We spent Christmas down on Saint Simons Island with Marie’s mother and her father, took a side trip down to Jacksonville on the Sunday, and made our way back home on Monday. On the return trip, we stopped by two more of the thirty-one Georgia restaurants that have featured reviews on Roadfood.com. First up was Skippers Fish Camp, in the small town of Darien, about fifteen miles north of Brunswick. We took US 17 north to get here. It was a bright, shiny and downright gorgeous day to spend wondering what the heck this excellent, upscale restaurant was doing featured along with all the barbecue shacks and classic old diners on that website.
Acknowledging the quite minor controversy and hoping to move on, I made the novice mistake of starting a genre discussion, which everybody online found boring fifteen years ago. Whatever “roadfood” might be to somebody, that might mean something else to another. Make no mistake, the meal we had was really great, but it was as much “roadfood” to me as it was “Thai.” Not at all.
This is very much an upscale destination restaurant, with a menu equally generous to well-heeled travelers as it is corporate lunches from large businesses in the region. Certainly, there is a stuffed alligator on one wall and beat-up license plates and old fishing nets on the others, but, and this point was sadly lost on the non-Atlantans on that forum, the place reminded me most of our local Dantanna’s, which suggests itself as being a sports bar, but only for people who want a really good burger while wearing a suit and tie and sipping cocktails late at night. This is not by any means a reflection on quality – Skippers is exceptional, and that shouldn’t be overlooked – but just as the trio of Ray’s locations around Atlanta don’t really sum up the region’s character so much as provide a backdrop for business deals over a fine meal, Skippers is as much in the business of investment as in serving up good food. Framed annual reports are on the wall near the host station, explaining how the business came to be born as part of a public-private partnership that saw a massive amount of spending to create a condominium complex and bring Darien’s once-decrepit riverfront returning to life. That’s a great thing. Just not a roadfood thing.
Telling readers what this place isn’t doesn’t help provide a clear idea of what it is, though. It’s a very nice restaurant, somewhat quiet during the early part of the lunch hour, with a gorgeous view of the Darien River. Outside the large windows, guests can see shrimp boats moored on the docks outside. After eating, guests can go out onto the gangplanks and probably play with Skipper himself. This is an incredibly friendly cat who has adopted the property, possibly because shrimpers who’ve been bringing up their haul are probably willing to toss him the occasional scrap.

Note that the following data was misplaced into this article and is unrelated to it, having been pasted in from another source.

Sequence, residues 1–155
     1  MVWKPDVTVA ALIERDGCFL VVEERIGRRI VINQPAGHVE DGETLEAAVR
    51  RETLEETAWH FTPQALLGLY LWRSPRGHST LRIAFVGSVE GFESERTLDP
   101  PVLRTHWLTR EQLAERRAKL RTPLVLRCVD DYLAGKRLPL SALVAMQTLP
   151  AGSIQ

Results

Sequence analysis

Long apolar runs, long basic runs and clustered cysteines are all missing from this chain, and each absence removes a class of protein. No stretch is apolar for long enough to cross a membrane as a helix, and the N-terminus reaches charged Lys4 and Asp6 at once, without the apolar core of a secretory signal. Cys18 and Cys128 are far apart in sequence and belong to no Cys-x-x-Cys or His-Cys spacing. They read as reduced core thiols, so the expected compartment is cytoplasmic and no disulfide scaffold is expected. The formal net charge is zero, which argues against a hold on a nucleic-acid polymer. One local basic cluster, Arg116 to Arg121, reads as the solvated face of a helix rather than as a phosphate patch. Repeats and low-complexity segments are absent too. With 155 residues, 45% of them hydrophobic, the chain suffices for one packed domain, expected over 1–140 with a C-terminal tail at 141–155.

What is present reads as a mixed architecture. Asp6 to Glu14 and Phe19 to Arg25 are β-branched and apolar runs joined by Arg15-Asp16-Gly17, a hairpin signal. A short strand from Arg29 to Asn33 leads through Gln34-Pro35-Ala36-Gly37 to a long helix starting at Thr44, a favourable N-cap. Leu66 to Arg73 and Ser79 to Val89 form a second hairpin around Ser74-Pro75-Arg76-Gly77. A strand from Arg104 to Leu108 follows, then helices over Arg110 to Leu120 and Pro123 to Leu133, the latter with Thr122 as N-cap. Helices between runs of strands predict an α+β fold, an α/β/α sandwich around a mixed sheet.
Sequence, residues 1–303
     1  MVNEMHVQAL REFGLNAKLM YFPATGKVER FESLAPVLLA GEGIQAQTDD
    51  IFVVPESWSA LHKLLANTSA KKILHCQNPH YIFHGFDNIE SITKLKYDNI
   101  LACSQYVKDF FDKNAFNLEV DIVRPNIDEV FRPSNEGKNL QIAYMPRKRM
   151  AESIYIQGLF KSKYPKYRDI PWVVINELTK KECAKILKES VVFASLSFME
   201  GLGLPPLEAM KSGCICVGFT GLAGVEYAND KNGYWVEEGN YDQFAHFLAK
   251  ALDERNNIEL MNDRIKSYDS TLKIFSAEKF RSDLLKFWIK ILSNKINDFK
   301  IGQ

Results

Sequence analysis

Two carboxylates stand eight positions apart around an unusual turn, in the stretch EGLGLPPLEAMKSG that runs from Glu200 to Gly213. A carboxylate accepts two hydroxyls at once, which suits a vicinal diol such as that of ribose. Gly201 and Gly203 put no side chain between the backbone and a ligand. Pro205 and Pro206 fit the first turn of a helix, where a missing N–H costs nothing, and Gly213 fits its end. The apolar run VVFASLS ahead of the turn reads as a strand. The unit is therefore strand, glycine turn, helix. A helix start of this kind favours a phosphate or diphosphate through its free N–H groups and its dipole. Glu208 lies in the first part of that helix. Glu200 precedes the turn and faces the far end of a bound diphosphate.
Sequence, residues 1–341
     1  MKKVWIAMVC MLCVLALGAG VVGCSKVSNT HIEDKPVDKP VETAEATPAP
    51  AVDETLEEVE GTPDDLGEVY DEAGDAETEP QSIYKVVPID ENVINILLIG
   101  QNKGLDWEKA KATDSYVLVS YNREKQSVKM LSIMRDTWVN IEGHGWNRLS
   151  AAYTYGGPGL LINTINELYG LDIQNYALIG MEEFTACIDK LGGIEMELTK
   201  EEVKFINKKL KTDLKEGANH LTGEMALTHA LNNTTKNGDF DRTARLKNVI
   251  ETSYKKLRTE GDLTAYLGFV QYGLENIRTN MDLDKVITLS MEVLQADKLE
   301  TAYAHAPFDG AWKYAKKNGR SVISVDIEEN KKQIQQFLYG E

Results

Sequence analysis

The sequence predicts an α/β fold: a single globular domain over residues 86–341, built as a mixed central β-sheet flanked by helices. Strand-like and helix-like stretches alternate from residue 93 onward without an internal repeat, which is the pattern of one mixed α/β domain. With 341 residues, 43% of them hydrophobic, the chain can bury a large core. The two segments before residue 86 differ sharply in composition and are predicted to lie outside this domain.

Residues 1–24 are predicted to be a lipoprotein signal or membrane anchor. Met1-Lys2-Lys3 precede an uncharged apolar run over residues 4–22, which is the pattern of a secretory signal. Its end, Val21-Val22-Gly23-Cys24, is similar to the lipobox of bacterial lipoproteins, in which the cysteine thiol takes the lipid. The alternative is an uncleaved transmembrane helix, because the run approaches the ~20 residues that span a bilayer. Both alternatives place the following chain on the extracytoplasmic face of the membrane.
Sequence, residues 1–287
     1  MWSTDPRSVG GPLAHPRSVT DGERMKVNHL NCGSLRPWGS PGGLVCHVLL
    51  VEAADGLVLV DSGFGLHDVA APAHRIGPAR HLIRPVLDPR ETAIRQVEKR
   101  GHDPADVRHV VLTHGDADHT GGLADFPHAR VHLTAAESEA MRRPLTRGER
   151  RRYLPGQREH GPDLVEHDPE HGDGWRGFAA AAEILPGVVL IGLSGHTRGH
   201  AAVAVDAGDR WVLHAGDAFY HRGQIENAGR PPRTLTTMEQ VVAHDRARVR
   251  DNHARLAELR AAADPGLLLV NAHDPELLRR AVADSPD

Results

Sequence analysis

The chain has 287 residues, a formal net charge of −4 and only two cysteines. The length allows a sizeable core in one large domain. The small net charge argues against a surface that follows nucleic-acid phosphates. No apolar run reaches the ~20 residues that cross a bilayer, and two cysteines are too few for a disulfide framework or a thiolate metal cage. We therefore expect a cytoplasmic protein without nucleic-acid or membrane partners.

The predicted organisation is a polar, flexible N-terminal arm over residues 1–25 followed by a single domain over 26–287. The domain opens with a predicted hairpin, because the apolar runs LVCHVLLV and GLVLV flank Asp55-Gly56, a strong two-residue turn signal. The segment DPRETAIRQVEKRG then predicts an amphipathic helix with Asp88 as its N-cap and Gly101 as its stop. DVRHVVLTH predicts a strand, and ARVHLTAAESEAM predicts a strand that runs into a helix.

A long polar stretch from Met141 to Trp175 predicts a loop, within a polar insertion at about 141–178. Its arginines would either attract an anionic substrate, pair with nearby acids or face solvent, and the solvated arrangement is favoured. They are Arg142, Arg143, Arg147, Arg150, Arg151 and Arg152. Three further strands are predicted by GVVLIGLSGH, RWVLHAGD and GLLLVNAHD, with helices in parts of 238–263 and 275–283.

The shrimp is simply exceptional here. It should be; it was only hauled in the night before. I had the day’s special, which was all I could eat for twenty bucks, along with two sides. I had the grits, which were pretty good, and the fries, which I let the kids split. I had two dozen fried shrimp and one dozen blackened, minus the four that I surreptitiously slid over to Marie and to my son, and we all agreed that these were completely amazing. Even the very, very good seafood restaurants on Saint Simons Island are a distant second to the quality of this very fresh shrimp.
We also enjoyed sharing some Brunswick stew that I thought was quite excellent, and some gator tail. While our buddy Warren down in Jacksonville got to enjoy his gator tail the day before with the satisfaction of somebody whose team stepped up and actually beat Florida this season, my son and I just munched without considering the football ramifications. My son had never tried gator before, but agreed that it was quite wonderful. Sadly, the small portion that we brought home didn’t reheat very well, and unfortunately a few bites had to be tossed away.
It’s an exceptional restaurant, but it isn’t cheap. I mention this because I sort of pencil in a meal for four at around $35 when planning, and this would have been at least three times that if we had all dug in with our own entrees. The price tag will probably keep us from visiting again with both children in tow. Besides, there’s another place in Darien that comes with exceptional recommendations that I would like to try on some other visit to south Georgia. We’ll have to see about doing that one day this year; Marie and I will probably be back visiting at least three more times in 2011, and Glynn and McIntosh counties are each so packed with very good restaurants that we have many more stories to find and tell, not to mention all the good places on the way to and from the area.